A DANGEROUSLY diabetic teenager who died in Herefordshire Council’s care just two months after being made homeless was “let down” by the agencies working with him, a case review out today (Wed) confirms.

The review concludes that the 17-year-old – identified only as HH – died at a supported housing unit in May last year because he did not take medication for his condition and was not “adequately supported” in his treatment by his mother or his corporate parents.

Professionals did not work together “sufficiently well” to ensure the complex health and social needs of HH were “adequately and consistently” met and were even “confused” as to whether or not HH could be classed as a child.

OFSTED currently rates the council’s child safeguarding service as “inadequate.” The independent review of HH’s case was commissioned by the Herefordshire Safeguarding Children Board (HSCB).

David McCallum, HSCB chair, said: “This is a very sad case brought about because not all the agencies involved understood the severity of this young man’s medical condition.

“His age was another significant factor: it is sometimes difficult working with older young people as they are more likely to challenge those supporting them. However, the review concludes that HH was let down by the agencies working with him. Every agency and practitioner involved in this case would have wanted a different outcome for him and we are all sorry for his death.”

Originally from Poland, HH was diagnosed with type-1 diabetes in January 2012, a life-threatening condition if not managed well. The review identified that HH had experienced neglect at home and this included lack of parental involvement in helping him manage his diabetes. As a result, he became subject to a Child in Need (CIN) plan following a child protection conference held in January last year.

A month later, HH became homeless when his mother asked him to leave. The council arranged for him to live in supported lodgings before he moved into a supported semi-independent housing. The review identified that information sharing between agencies was not as “robust” as it should have been during these moves, nor was the risk from HH’s non-compliance with his testing and medication regime fully understood.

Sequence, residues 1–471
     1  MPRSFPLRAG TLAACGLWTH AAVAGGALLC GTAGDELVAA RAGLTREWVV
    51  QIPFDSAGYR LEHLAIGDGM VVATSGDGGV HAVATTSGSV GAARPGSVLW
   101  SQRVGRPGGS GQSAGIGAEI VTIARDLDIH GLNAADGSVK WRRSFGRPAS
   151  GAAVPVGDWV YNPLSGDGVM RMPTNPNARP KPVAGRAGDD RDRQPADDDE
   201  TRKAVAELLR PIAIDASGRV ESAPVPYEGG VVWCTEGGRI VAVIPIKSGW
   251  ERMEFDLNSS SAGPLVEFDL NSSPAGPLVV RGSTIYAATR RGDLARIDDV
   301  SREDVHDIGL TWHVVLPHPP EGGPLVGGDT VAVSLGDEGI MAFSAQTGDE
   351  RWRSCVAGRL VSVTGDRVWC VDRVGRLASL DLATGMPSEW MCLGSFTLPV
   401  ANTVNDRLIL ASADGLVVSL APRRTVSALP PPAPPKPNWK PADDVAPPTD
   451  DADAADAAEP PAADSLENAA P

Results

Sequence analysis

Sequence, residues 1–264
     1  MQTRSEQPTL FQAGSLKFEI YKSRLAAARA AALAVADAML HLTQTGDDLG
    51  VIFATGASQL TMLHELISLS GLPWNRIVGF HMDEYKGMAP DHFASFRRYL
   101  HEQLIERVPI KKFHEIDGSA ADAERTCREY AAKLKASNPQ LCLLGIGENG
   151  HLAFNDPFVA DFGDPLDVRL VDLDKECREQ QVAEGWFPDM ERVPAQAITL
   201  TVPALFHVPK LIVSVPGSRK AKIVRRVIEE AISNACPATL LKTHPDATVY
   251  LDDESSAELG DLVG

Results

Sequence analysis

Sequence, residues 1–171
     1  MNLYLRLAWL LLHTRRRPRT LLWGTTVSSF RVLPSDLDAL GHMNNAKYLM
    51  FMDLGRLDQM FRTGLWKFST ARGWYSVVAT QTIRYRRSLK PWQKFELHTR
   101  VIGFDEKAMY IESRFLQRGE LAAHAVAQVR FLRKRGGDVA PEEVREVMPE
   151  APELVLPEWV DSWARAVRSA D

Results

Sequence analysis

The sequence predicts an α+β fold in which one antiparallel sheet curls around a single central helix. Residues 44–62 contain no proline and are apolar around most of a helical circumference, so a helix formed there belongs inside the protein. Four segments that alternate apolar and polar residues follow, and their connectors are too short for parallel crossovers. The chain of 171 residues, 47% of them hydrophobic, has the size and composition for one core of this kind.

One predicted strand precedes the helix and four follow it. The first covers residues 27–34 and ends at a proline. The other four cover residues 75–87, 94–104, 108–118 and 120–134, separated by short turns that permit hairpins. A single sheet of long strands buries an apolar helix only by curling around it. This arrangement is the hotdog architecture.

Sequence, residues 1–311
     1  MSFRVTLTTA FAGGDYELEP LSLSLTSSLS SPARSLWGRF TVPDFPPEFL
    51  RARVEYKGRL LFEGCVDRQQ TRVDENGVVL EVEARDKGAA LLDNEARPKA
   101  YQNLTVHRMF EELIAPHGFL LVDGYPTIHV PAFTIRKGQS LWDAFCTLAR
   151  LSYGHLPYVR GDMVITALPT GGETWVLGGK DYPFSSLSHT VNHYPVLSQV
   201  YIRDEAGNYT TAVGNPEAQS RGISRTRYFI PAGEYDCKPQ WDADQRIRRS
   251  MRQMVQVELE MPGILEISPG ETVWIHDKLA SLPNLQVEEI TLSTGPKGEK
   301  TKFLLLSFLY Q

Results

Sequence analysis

The review concluded that HH died because he was not adequately supported in his diabetes treatment by either mother or his corporate parents, and because professionals did not work together sufficiently well to ensure his complex health and social needs were adequately and consistently met.

The processes and expectations of single and multi-agency work in place at the time of his death were not always followed, and while this did not directly cause his death, it meant that , with complex health needs, he did not receive the “focus and persistent oversight” he needed.

As a 17 year old, there was confusion over whether he was an adult or a child, and this definition determined the level and type of support he received to manage his medical condition, the review found.

As such, not all the staff and agencies involved in supporting HH understood that type-1 diabetes is a potentially fatal condition if not treated properly.

The review lists 10 key recommendations as “lessons to be shared” by the agencies involved: 1. All agencies need to recognise young people’s vulnerabilities as well as their rights and responsibilities as young adults. They also need to evidence that they have recognised 16 and 17 year old service users as children.

2. Professionals need to be open-minded about what makes a young person vulnerable, and be clear that lack of compliance with medication for health conditions is potentially risky.

3. Non-medical staff need to ensure they receive advice and support from health colleagues when working with children with significant health issues.

4. Non-health professionals need to be informed that type-1 diabetes is a potentially fatal condition.

5. A comprehensive risk assessment should be carried out by any placement before a child with diabetes or other serious health condition is admitted. This includes input from health colleagues and any previous placements if applicable.

6. Staff must be reminded that after every significant change of circumstance, assessments and plans need reviewing to ensure that the impact of any changes have been thoroughly considered.

7. That any multi-agency training input on neglect provides a section on the specific issues for young people aged 14 plus. This should include lack of compliance with medication for health conditions.

8. There needs to be clear transition planning from children’s services to adults services for 16 and 17 year olds with additional health needs, which considers issues with lack of engagement.

9. Professionals need to be creative when supporting and monitoring teenagers.

10. That children and young people assessed as being Children in Need, and who are the subject of a CIN plan are not currently identifiable and flagged to all agencies checking systems in respect of vulnerable children.

You can view the full report here.